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Words:
Stephen Cousins

Solar powered ice hotel offers frozen dreams in 'floating' four poster

If Father Christmas really does exist, chances are he is planning to relocate from Lapland, where global warming is causing the snow to melt early, making his wrapping paper soggy.

The smart move would be to go to neighbouring Sweden where the Ice Hotel, in Jukkasjärvi, has opened a high tech extension that harnesses solar power to keep its rooms frozen 365 days a year.

Solar panels on the roof of the 1,200m2 building provide enough power to run a refrigerating plant during the summer months, which will keep 20 ice and snow-covered hotel rooms, a bar and art gallery, at a constant temperature of -5˚C.

Technology installed by Swedish firm Solkompaniet takes advantage of that fact that Jukkasjärvi is situated inside the Arctic Circle, where the sun shines for 100 consecutive days and nights during the summer months.

London-based architect Atmos was the brains behind one of the shiver-inducing new bedrooms in the hotel extension. 'Dreamscape' aims to physically evoke the mental journey into sleep and dreams and features a dramatically curling ice stair that widens at the top to become a sculptural four-poster bed held aloft above the floor.

Tentacles of ice emerge from the rear wall of the room to frame the bed and twist downwards to form sculptural columns that plunge into the snowy floor.

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The project made innovative use of snow and ice construction, each stacked ice step was carved from a huge 200mm-thick block weighing up to 400kg using vast conveyor-belt chainsaws. Steps widen as the staircase rises and structural ice columns, used to support the staircase, were carved as thin as possible to enable the structure to appear to float in mid air.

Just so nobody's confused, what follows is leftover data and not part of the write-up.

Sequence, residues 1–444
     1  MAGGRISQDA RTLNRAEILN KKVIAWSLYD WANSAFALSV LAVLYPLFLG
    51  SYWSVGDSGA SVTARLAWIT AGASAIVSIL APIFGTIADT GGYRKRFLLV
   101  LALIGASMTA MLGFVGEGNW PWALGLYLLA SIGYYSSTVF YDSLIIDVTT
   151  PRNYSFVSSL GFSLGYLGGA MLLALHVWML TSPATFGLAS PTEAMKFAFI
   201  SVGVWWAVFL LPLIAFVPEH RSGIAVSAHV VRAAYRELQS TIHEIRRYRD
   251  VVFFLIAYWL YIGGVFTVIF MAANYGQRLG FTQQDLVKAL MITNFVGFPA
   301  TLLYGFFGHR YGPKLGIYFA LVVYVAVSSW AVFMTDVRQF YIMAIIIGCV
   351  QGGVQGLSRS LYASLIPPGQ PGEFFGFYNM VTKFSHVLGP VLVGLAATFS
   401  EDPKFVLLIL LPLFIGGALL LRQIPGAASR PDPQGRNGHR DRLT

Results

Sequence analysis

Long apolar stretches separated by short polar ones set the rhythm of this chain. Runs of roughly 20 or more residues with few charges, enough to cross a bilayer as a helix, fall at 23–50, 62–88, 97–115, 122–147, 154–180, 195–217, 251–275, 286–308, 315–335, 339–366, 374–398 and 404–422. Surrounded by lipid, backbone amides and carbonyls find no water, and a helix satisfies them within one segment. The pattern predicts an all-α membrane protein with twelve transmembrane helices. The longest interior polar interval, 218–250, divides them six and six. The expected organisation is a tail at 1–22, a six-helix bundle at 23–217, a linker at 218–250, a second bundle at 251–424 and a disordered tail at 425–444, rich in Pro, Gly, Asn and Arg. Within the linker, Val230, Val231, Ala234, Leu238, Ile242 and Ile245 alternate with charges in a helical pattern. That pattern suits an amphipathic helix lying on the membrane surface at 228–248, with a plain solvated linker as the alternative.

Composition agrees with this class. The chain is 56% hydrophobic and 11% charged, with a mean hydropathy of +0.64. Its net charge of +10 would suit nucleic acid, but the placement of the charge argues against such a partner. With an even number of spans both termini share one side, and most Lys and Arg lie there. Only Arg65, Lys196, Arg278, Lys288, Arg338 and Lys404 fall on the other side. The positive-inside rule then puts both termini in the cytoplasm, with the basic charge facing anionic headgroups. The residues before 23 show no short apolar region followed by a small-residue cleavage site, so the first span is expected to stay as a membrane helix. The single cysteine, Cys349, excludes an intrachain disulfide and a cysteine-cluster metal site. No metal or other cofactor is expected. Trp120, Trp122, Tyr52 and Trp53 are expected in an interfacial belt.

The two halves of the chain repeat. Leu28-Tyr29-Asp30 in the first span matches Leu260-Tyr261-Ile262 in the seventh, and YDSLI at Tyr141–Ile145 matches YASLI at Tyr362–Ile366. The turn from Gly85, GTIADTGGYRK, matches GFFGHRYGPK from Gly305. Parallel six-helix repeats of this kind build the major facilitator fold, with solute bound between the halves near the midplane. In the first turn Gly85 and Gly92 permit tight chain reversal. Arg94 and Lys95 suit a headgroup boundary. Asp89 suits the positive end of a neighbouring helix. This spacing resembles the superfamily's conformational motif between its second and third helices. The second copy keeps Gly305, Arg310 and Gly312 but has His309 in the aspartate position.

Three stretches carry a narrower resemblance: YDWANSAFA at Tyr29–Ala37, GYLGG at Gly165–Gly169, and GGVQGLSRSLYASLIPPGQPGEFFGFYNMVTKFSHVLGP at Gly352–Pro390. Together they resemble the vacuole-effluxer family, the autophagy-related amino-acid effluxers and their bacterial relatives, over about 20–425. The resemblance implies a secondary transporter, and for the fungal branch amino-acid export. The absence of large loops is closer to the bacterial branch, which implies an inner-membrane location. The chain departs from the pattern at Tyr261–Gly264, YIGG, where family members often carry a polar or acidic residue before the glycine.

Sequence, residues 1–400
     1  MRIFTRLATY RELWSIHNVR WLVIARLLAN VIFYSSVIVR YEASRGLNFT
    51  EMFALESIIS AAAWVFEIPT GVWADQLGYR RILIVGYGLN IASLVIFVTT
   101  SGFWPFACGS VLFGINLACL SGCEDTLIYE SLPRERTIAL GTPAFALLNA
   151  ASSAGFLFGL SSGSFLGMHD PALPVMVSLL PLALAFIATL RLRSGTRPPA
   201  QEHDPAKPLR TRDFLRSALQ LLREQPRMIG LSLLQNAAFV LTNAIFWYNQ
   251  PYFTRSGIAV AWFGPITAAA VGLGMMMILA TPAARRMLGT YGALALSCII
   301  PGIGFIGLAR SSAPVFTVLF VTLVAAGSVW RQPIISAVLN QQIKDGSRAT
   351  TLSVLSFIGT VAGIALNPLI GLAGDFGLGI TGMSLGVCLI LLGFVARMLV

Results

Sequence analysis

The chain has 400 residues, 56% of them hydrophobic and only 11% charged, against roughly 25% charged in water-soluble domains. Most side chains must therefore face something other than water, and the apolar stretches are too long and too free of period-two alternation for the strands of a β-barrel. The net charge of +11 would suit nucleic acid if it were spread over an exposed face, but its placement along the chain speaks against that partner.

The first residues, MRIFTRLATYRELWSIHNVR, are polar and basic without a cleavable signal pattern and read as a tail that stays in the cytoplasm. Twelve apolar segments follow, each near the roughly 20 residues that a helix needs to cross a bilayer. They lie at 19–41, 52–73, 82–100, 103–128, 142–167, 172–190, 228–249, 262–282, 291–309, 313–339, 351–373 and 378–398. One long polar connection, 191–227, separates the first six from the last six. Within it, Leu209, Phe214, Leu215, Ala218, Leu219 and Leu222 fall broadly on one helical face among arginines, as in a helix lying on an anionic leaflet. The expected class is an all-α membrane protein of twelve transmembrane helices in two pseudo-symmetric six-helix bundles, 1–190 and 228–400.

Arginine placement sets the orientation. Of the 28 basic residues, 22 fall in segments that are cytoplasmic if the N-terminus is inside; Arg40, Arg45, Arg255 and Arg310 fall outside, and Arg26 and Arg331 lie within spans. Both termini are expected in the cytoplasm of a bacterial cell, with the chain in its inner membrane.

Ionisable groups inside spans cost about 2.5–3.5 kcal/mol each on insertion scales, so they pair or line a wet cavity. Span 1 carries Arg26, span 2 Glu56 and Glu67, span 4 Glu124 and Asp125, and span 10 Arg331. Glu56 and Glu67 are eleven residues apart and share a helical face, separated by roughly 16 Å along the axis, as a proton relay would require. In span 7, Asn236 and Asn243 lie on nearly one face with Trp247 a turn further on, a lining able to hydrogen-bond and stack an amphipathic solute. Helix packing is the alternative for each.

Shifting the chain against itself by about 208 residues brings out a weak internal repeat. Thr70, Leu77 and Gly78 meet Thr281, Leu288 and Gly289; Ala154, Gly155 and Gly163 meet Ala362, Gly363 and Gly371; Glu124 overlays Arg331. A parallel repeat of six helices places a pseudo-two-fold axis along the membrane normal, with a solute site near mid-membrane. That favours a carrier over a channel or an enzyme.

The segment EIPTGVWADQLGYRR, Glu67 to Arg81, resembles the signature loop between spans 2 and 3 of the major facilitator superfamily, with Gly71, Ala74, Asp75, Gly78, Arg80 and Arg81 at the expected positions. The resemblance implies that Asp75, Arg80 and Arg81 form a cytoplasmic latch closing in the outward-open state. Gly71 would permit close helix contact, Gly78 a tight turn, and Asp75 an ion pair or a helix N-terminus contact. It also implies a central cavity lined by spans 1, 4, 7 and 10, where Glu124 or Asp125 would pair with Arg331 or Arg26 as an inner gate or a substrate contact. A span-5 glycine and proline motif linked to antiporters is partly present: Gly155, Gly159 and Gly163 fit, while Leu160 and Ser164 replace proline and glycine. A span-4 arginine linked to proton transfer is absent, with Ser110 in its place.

The intricate geometry of the stair outline and radiating 'grip' grooves for each tread were cut as a template using a CNC machine. This was used as a guide for the final tread to be cut by chainsaw, then glued, with water.

Atmos director Alex Haw comments: 'During construction, we learned a new tool, technique and process almost every day, and discovered some of the great mysteries and intricacies of this extraordinary material ...I’ve always been fascinated by the idea of architecture as frozen music, here, we have literally been building a frozen architecture, which will slowly thaw and release its melting music – at a rate no one in this world yet knows.' For the sake of Santa’s sanity, let’s hope it lasts to Boxing Day at least.

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